A century ago...hunting exploits made Roosevelt the toast of the American press—a reaction that is hard to understand today, when social attitudes toward trophy hunting have sharply reversed. As for attitudes toward hunting more generally, the picture is complicated: Some 70 percent of Americans say they approve of it, but only a small proportion now regularly do it themselves ... In his lively and compelling book...Philip Dray acknowledges these tensions, deepening and complicating them by putting them in historical context. His book offers a capacious and erudite history of the practice and meanings of hunting in American life ... Written with sensitivity and bracketed judgment, it describes a culture and asks questions, telling a story full of paradoxes and nuance ... Any story of whites hunting in America, whatever their class or ethnicity, is also story of native communities being ethnically cleansed from that same territory. Dray does not hesitate to remind the reader of this fact repeatedly ... As Dray so powerfully demonstrates, debates over conservation, like debates over hunting, have always illuminated certain core contradictions in American culture: tensions between the urban and rural, between the natural world and capitalist extraction, between elites and the general populace ... As an unrivaled history, and an admirably crafted bid to deepen dialogue between groups of Americans who might otherwise view one another as alien or out of touch, Dray’s Fair Chase is a vital intervention.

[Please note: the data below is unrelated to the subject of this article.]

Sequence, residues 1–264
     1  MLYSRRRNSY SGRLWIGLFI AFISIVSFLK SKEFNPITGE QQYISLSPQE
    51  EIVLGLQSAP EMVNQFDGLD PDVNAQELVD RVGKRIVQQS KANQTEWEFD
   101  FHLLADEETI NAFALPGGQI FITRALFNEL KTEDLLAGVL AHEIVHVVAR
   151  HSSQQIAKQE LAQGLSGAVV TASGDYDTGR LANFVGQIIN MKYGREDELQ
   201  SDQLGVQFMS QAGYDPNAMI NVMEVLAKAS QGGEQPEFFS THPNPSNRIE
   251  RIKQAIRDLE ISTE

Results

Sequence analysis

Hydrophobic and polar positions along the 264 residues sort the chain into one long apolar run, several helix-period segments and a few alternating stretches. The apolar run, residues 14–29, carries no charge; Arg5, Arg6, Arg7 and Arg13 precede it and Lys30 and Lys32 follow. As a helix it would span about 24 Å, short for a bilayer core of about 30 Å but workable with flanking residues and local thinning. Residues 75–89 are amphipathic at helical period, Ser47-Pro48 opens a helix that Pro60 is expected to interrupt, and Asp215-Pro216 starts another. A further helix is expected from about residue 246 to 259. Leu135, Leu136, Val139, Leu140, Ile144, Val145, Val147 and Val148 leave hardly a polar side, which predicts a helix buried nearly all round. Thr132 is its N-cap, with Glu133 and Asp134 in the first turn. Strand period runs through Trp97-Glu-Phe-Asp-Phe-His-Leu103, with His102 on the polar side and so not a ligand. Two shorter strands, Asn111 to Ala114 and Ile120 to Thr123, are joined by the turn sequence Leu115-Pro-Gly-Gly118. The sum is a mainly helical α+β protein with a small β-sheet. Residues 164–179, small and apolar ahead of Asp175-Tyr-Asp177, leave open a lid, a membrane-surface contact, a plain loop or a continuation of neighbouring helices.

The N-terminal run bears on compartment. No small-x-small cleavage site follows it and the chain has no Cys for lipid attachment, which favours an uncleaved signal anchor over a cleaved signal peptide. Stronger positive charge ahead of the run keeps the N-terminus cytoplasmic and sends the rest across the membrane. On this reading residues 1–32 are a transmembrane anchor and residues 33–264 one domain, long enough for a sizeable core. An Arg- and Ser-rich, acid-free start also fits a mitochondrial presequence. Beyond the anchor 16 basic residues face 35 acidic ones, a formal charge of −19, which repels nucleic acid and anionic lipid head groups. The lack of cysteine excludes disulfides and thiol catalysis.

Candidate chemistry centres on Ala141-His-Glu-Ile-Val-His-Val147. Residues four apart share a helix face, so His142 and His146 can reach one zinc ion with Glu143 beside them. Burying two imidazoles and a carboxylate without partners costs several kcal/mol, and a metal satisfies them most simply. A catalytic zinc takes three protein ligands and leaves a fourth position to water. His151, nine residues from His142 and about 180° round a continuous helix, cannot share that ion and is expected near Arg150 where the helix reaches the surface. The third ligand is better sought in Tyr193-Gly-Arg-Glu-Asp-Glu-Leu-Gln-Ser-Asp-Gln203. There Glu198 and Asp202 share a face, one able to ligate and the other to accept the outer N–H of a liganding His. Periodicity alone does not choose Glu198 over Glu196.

What is O.K. to hunt, when and why? The Fair Chase isn’t a book about ethics and philosophy, but Dray does a fine job introducing his readers to the issues in play ... The Fair Chase can be frustrating at times. Dray’s historical method involves a bit of overlapping and backtracking, and he sometimes seems more interested in the literary description and public presentation of hunting rather than the act itself. Hunting is an emotional, blood-racing activity, and Dray seems happy to leave the intense feelings it provokes to in-the-field writers ... Still, he isn’t afraid to lay out hard truths, including the ways in which the National Rifle Association, once a hunting group, has hijacked an important and honorable pastime for gun-selling ends.
The author has written an excellent overview of the history of hunting ... The engaging text, which covers the creation of the National Rifle Association and the National Audubon Society, is enhanced by hundreds of excellent, annotated chapter notes ... Vital reading for all interested in natural history, conservation, ethics, American history, and firearms. Highly recommended.